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|Title:||Mesenchymal stem cell differentiation to neuronal cells on electrospun nanofibrous substrates for nerve tissue engineering|
|Authors:||Prabhakaran, M.P. |
Mesenchymal stem cells
Nerve tissue engineering
|Citation:||Prabhakaran, M.P., Venugopal, J.R., Ramakrishna, S. (2009-10). Mesenchymal stem cell differentiation to neuronal cells on electrospun nanofibrous substrates for nerve tissue engineering. Biomaterials 30 (28) : 4996-5003. ScholarBank@NUS Repository. https://doi.org/10.1016/j.biomaterials.2009.05.057|
|Abstract:||Bone marrow Mesenchymal stem cells capable of differentiating into neuronal cells on engineered nanofibrous scaffolds have great potential for bionanomaterial-cell transplantation therapy of neurodegenerative diseases and injuries of the nervous system. MSCs have been the highlight of many tissue engineering studies mainly because of their multipotential properties. We investigated the potential of human bone marrow derived Mesenchymal stem cells (MSCs) for neuronal differentiation in vitro on poly(l-lactic acid)-co-poly-(3-caprolactone)/Collagen (PLCL/Coll) nanofibrous scaffolds. PLCL and PLCL/Coll nanofibrous scaffolds were fabricated by electrospinning process and their chemical and mechanical characterizations were carried out using SEM, contact angle, FTIR, and tensile instrument. The differentiation of MSCs was carried out using neuronal inducing factors including β-mercaptoethanol, epidermal growth factor, nerve growth factor and brain derived growth factor in DMEM/F12 media. The proliferations of MSCs evaluated by MTS assay showed that the cells grown on PLCL/Coll nanofibrous scaffolds were comparatively higher (80%) than those on PLCL. Scanning electron microscopy results showed that MSCs differentiated on PLCL/Coll nanofibrous scaffolds showed neuronal morphology, with multipolar elongations and expressed neurofilament and nestin protein by immuno-fluorescent microscopy. Our studies on the differentiation of MSCs to neuronal cells on nanofibrous scaffolds suggest their potential application towards nerve regeneration. © 2009 Elsevier Ltd. All rights reserved.|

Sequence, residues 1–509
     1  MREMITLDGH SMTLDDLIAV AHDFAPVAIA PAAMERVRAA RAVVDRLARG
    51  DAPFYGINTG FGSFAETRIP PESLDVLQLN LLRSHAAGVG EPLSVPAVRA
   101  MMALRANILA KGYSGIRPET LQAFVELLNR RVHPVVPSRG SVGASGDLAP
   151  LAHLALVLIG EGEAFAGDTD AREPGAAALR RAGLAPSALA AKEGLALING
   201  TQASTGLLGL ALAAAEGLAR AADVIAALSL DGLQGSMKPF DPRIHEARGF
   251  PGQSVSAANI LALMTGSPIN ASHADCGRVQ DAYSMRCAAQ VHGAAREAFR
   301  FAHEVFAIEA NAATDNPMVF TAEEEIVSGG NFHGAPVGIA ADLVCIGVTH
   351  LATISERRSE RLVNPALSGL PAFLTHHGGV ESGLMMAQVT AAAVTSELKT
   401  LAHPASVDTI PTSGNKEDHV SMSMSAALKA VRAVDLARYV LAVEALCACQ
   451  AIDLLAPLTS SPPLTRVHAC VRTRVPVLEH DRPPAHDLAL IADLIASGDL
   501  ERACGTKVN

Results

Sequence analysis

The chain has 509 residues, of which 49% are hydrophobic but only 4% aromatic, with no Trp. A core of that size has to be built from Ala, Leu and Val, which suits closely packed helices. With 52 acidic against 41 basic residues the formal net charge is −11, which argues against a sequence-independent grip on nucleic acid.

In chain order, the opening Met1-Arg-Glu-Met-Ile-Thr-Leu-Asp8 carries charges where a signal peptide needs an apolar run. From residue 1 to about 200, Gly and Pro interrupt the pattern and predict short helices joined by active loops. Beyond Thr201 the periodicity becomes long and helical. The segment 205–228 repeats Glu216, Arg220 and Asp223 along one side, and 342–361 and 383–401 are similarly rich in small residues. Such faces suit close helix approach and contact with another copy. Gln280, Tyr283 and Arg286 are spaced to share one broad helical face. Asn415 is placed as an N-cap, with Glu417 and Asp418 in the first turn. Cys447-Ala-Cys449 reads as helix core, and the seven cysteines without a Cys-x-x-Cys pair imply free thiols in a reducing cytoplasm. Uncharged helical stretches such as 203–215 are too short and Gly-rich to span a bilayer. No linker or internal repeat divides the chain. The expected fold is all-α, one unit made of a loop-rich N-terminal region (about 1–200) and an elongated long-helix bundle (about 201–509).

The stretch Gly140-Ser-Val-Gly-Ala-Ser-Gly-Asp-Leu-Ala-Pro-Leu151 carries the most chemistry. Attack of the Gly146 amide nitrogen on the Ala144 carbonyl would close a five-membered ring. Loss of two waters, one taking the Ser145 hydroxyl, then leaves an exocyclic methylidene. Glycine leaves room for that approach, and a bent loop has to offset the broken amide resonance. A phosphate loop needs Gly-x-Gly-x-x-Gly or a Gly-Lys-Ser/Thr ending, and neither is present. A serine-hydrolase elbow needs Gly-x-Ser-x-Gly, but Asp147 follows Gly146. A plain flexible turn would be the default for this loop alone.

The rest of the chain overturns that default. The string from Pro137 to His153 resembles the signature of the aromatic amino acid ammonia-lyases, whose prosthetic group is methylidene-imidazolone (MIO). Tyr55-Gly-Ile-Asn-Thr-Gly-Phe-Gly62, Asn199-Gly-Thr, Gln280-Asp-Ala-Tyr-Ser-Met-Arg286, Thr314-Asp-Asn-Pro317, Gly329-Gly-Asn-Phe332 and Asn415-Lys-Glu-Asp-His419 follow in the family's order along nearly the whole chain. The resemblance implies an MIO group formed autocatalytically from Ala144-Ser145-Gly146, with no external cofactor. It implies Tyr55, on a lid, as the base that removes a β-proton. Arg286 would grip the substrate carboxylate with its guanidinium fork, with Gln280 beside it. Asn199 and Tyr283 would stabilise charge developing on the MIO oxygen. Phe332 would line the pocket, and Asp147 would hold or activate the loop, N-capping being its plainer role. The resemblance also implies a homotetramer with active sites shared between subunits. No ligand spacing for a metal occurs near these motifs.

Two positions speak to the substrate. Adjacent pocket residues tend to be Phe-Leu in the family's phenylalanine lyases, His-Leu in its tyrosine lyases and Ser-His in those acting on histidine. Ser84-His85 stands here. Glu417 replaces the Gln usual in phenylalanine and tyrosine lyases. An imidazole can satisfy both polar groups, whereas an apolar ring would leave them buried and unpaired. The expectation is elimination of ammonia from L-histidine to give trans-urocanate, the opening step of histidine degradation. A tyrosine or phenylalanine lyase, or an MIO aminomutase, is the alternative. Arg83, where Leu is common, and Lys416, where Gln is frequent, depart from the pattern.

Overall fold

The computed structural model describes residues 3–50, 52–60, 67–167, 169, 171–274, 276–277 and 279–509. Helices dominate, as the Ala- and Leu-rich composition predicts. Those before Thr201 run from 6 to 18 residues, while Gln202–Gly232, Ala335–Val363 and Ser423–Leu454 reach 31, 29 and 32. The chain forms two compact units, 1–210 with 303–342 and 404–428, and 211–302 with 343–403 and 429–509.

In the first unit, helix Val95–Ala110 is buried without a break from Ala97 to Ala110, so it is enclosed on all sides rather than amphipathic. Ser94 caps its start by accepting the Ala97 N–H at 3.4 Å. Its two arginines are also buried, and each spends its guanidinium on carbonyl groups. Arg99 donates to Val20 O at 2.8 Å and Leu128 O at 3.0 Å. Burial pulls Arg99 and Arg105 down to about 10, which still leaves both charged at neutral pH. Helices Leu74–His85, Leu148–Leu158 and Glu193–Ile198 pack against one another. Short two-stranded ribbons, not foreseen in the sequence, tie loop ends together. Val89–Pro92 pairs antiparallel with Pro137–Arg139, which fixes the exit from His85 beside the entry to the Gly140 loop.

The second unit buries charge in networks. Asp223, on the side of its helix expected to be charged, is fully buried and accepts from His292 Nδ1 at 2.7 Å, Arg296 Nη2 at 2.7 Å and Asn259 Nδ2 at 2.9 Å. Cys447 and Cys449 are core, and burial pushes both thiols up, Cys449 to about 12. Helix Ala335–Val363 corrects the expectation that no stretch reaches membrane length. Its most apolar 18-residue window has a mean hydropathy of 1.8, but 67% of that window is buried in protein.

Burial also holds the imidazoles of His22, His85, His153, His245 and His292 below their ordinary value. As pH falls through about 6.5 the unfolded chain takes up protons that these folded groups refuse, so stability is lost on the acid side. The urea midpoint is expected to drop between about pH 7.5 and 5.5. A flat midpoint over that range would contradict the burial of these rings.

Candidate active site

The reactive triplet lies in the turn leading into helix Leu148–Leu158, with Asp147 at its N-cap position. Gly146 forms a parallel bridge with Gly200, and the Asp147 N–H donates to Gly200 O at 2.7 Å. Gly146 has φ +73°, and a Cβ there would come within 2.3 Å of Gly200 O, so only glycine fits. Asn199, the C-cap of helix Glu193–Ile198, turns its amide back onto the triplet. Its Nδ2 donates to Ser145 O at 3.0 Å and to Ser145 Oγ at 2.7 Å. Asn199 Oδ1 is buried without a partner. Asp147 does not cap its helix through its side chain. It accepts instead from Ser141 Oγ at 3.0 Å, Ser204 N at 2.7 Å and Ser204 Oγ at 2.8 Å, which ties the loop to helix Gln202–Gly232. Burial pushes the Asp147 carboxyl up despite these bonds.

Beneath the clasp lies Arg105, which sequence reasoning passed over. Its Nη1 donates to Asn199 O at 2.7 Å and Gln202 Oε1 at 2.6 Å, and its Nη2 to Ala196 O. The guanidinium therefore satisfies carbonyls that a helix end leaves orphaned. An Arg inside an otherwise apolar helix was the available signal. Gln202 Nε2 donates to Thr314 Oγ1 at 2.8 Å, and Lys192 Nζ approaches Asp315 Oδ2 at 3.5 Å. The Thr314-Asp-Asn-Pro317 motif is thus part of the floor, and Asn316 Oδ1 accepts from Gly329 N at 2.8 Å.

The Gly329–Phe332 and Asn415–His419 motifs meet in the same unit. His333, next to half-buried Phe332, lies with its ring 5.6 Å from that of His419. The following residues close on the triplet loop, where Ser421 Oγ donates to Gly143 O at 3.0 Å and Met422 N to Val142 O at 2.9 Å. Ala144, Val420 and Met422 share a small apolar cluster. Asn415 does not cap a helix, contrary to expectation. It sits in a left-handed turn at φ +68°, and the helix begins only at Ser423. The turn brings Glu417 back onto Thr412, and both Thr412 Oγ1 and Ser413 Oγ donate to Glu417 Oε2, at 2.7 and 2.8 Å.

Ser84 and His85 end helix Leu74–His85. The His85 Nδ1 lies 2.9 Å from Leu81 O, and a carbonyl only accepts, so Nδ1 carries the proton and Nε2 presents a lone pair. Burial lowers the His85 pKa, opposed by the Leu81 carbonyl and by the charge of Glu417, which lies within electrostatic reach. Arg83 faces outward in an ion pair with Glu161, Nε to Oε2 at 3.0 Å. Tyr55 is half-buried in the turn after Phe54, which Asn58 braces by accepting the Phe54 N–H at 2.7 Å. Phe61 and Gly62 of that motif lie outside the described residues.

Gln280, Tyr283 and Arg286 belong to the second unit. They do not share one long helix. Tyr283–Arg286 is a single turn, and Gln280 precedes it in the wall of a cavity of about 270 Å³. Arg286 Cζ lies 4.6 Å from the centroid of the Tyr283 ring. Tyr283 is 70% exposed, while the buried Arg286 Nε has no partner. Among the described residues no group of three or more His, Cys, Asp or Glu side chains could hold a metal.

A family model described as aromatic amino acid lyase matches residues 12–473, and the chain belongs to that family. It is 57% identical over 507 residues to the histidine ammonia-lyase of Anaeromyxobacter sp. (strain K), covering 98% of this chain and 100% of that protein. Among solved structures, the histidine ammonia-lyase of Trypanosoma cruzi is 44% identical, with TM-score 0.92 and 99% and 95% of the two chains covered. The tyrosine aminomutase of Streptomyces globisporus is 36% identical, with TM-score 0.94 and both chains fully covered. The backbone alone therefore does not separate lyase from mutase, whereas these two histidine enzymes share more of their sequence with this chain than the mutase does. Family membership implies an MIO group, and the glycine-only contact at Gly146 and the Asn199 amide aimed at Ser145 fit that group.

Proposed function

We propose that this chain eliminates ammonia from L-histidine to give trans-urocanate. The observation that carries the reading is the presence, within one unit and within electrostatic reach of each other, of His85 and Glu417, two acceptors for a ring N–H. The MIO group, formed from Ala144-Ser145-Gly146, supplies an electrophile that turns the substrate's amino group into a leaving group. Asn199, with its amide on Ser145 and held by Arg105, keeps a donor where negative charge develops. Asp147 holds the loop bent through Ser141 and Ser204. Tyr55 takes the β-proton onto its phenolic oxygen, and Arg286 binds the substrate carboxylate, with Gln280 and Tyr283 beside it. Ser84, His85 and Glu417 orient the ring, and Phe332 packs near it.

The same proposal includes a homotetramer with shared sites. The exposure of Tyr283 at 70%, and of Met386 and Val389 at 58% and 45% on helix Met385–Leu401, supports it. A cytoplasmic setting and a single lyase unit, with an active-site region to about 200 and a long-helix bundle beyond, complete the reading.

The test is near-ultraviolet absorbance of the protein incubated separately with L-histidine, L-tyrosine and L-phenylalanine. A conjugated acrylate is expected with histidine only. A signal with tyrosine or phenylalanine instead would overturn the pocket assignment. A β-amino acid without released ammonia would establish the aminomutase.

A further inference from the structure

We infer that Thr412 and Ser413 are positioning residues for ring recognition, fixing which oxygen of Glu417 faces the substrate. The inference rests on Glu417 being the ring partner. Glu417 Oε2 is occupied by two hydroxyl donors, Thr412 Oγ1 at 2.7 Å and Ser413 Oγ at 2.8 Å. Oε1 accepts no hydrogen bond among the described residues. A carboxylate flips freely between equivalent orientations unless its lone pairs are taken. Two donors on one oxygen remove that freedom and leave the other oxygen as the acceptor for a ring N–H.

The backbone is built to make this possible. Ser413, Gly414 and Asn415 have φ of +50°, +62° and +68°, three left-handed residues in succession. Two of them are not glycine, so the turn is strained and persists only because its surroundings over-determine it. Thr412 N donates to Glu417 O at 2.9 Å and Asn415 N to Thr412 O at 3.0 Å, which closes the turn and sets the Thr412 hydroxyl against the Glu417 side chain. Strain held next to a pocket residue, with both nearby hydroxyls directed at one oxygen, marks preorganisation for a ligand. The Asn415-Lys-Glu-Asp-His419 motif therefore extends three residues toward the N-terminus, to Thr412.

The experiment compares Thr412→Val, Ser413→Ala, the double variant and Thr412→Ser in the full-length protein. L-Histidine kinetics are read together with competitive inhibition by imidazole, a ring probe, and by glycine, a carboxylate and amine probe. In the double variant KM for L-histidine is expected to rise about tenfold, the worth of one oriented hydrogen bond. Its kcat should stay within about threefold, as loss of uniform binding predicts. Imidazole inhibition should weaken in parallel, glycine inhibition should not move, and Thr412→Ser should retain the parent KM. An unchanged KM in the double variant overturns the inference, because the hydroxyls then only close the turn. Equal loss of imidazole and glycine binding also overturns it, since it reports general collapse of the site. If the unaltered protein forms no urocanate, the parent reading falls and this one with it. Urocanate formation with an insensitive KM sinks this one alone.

|Appears in Collections:||Staff Publications|
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